Unveiling the Benefits of Learning the Chinese Language - Deepstash

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The language of the "Middle Earth"

The language of the "Middle Earth"

Learning a new language is a challenging yet rewarding experience that can have many benefits for the brain. The Chinese language, with its unique script and tonal system, is a fascinating language to learn and has been shown to provide specific benefits for the brain.

Chinese is a fascinating and complex language, with a rich history and unique features. It is the most spoken language in the world, with over 1.2 billion speakers worldwide. Mandarin Chinese, also known as Putonghua, is the official language of China, and is one of the six official languages of the United Nations.

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Characteristics of the Chinese Language

Characteristics of the Chinese Language

One of the most distinct features of Chinese is its writing system, which uses characters instead of letters, those are pictographs that represent words or ideas, and there are thousands of them in the Chinese language. Learning to read and write Chinese can be challenging, but it can also be incredibly rewarding.

Chinese also has a unique tonal system. This means that the meaning of a word can change depending on the tone in which it is pronounced. Mandarin Chinese has four main tones, as well as a neutral tone, which can make it challenging for non-native speakers to master.

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Brain Benefits

Brain Benefits

One benefit of learning Chinese is that it can improve cognitive function. Studies have shown that learning Chinese can increase the volume and density of grey matter in the brain, particularly in regions involved in language processing and memory.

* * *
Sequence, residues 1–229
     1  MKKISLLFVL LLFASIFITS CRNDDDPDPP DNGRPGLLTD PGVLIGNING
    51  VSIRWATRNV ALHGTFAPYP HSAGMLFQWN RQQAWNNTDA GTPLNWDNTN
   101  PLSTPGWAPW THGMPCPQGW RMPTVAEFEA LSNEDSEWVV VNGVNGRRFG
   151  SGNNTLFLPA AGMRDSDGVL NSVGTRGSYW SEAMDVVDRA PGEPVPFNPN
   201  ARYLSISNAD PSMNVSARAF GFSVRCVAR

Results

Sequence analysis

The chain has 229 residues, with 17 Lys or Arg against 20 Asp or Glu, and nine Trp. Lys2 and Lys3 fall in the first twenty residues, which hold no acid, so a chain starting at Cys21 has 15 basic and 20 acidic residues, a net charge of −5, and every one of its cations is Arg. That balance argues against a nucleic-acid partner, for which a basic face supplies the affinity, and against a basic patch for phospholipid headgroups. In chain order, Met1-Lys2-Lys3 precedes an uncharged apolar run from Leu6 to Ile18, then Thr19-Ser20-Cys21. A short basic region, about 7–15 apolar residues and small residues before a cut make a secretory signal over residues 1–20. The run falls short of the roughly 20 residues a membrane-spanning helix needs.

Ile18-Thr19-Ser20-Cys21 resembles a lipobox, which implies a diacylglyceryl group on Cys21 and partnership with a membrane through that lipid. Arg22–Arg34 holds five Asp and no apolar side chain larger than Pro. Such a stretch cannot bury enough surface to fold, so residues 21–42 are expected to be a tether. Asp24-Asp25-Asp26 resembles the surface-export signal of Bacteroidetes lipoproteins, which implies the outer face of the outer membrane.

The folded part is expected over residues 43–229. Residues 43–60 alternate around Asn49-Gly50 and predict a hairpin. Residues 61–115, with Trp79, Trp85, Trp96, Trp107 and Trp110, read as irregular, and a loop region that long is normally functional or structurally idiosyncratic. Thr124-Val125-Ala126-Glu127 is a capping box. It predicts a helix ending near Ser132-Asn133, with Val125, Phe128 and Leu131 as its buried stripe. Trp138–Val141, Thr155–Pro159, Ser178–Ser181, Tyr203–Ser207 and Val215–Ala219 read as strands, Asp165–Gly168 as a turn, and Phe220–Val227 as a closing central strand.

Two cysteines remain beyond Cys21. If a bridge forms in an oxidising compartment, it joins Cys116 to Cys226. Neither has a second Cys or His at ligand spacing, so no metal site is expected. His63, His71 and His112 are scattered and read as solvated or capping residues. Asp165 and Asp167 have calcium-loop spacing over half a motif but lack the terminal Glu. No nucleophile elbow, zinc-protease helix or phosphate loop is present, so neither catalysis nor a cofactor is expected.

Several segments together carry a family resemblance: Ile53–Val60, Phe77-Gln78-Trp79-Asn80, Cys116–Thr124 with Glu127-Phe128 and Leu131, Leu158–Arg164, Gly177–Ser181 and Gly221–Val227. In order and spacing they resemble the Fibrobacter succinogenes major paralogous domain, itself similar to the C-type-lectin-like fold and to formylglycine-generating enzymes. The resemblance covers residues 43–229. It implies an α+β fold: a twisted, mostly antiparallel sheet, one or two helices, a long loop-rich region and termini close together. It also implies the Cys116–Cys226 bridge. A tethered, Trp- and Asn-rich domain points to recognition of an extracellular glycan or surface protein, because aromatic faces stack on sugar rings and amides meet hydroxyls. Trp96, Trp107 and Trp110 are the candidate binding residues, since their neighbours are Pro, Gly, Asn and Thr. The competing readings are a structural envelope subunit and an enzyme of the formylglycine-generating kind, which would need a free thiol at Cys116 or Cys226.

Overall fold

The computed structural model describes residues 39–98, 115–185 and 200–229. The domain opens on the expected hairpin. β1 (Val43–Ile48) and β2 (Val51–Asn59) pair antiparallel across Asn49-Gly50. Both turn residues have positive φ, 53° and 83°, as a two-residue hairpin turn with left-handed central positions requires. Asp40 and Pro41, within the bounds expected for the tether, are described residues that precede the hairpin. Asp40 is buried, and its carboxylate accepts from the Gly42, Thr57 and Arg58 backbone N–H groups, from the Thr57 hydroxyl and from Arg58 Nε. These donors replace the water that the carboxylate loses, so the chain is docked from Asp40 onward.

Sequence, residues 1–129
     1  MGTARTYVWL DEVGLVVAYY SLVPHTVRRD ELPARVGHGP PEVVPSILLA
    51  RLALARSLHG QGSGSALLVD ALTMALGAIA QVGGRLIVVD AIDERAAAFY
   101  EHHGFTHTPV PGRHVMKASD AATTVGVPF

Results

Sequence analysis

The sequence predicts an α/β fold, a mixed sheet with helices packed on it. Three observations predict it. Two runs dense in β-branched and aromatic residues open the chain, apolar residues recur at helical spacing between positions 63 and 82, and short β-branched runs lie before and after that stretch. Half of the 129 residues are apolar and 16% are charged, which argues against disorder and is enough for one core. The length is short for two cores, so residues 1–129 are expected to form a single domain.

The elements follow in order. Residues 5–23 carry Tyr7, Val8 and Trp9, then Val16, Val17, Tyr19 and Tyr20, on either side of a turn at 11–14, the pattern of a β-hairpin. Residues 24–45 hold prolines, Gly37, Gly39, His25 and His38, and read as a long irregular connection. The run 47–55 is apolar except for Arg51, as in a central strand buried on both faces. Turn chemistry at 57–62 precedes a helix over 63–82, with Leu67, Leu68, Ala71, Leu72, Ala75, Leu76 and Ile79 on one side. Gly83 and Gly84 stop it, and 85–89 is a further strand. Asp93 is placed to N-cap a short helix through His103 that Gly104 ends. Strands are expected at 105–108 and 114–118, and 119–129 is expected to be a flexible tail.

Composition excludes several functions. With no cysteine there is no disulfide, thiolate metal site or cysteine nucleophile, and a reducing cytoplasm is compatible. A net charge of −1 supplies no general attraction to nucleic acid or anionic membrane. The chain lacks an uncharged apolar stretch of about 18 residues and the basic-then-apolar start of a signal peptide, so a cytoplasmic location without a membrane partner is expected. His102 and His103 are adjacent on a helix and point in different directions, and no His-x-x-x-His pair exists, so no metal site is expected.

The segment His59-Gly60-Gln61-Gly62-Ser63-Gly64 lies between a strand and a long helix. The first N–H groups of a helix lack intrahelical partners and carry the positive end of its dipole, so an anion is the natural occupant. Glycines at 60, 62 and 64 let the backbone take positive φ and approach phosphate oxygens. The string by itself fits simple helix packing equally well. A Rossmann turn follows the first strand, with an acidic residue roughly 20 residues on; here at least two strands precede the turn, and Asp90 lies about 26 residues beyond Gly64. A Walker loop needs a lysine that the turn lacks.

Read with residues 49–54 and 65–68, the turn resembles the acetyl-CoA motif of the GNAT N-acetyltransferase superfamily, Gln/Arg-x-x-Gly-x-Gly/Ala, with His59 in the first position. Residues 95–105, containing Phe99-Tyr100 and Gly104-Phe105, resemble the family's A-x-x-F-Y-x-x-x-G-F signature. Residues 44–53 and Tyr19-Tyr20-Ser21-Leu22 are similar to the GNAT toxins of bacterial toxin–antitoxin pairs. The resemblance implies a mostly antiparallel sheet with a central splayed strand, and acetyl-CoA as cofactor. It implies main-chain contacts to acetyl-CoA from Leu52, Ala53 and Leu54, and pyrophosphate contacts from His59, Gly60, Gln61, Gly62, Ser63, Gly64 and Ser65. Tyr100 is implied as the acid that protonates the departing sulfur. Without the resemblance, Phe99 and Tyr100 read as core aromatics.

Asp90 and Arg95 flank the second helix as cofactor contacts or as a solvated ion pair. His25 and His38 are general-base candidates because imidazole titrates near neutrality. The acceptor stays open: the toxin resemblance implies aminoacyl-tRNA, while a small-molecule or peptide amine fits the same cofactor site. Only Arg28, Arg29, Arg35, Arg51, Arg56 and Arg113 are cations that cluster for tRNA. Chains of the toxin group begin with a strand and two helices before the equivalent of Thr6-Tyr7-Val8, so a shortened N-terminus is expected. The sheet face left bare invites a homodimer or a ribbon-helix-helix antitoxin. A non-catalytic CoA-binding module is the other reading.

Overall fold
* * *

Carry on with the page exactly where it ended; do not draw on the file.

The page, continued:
In addition, learning Chinese has been shown to enhance working memory and attention, which are important cognitive skills for learning and problem-solving.

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Lymph for the Brain

Lymph for the Brain

A study published in the Journal of Neurolinguistics found that Mandarin-speaking adults who learned English as a second language showed increased grey matter volume in the left inferior parietal lobule, a region associated with language processing and working memory. So It's right to think that happens the same for foreign speakers that learn the Chinese Language.

Similarly, a study published in PLOS ONE found that learning Chinese characters increased grey matter density in the left inferior frontal gyrus, a region associated with language processing and cognitive control.

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Expanding one's Business Network

Expanding one's Business Network

Another benefit of learning Chinese is that it can enhance cultural awareness and communication skills. China is a rapidly growing global economic power, and learning Chinese can provide opportunities for individuals to communicate and work with Chinese-speaking individuals and businesses.

Additionally, learning Chinese can provide a deeper understanding of Chinese culture, literature, and history, which can enrich one's personal and professional life.

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Expanded Worldview

Expanded Worldview